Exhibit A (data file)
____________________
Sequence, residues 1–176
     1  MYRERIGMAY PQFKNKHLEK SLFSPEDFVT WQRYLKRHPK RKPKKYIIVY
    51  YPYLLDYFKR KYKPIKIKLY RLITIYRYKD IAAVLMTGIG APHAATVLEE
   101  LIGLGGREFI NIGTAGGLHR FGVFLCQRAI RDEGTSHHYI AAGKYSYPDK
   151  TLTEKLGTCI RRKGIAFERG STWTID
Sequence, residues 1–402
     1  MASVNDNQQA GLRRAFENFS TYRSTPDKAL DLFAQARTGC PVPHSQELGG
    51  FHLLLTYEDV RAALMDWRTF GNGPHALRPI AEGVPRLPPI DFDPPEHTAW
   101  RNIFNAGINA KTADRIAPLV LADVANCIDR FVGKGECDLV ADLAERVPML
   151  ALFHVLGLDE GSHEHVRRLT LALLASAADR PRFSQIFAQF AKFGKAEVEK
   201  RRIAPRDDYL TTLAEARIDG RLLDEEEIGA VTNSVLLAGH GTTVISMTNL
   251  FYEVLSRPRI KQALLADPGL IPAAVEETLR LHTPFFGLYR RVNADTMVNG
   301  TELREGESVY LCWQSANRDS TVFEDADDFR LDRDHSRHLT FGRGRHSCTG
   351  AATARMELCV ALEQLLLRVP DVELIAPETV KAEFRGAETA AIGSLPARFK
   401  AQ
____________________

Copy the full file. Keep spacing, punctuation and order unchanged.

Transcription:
Sequence, residues 1–176
     1  MYRERIGMAY PQFKNKHLEK SLFSPEDFVT WQRYLKRHPK RKPKKYIIVY
    51  YPYLLDYFKR KYKPIKIKLY RLITIYRYKD IAAVLMTGIG APHAATVLEE
   101  LIGLGGREFI NIGTAGGLHR FGVFLCQRAI RDEGTSHHYI AAGKYSYPDK
   151  TLTEKLGTCI RRKGIAFERG STWTID
Sequence, residues 1–402
     1  MASVNDNQQA GLRRAFENFS TYRSTPDKAL DLFAQARTGC PVPHSQELGG
    51  FHLLLTYEDV RAALMDWRTF GNGPHALRPI AEGVPRLPPI DFDPPEHTAW
   101  RNIFNAGINA KTADRIAPLV LADVANCIDR FVGKGECDLV ADLAERVPML
   151  ALFHVLGLDE GSHEHVRRLT LALLASAADR PRFSQIFAQF AKFGKAEVEK
   201  RRIAPRDDYL TTLAEARIDG RLLDEEEIGA VTNSVLLAGH GTTVISMTNL
   251  FYEVLSRPRI KQALLADPGL IPAAVEETLR LHTPFFGLYR RVNADTMVNG
   301  TELREGESVY LCWQSANRDS TVFEDADDFR LDRDHSRHLT FGRGRHSCTG
   351  AATARMELCV ALEQLLLRVP DVELIAPETV KAEFRGAETA AIGSLPARFK
   401  AQ